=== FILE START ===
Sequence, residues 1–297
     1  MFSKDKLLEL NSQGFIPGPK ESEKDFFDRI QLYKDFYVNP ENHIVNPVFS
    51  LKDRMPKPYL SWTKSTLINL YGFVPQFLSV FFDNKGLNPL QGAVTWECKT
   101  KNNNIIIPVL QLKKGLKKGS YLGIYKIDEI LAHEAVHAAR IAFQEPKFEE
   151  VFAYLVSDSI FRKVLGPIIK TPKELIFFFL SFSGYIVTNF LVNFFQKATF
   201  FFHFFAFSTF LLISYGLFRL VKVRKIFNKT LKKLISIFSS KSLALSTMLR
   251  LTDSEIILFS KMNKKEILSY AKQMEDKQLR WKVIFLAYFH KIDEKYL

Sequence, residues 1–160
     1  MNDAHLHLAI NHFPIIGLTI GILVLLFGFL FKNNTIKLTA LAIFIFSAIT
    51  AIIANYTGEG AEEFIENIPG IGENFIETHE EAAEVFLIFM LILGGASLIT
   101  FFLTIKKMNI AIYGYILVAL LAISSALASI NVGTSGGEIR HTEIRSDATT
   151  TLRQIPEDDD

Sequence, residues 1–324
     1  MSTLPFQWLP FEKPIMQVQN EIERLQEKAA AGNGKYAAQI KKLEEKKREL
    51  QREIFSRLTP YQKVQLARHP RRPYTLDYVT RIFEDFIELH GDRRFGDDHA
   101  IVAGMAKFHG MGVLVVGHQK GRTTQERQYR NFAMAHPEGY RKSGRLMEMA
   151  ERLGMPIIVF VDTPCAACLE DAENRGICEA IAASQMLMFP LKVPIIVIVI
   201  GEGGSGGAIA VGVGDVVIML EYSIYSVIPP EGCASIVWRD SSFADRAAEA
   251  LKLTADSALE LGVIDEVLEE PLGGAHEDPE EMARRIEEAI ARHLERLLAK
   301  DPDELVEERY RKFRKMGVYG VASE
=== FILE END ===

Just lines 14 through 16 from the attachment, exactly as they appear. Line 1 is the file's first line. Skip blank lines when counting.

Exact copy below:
     1  MSTLPFQWLP FEKPIMQVQN EIERLQEKAA AGNGKYAAQI KKLEEKKREL
    51  QREIFSRLTP YQKVQLARHP RRPYTLDYVT RIFEDFIELH GDRRFGDDHA
   101  IVAGMAKFHG MGVLVVGHQK GRTTQERQYR NFAMAHPEGY RKSGRLMEMA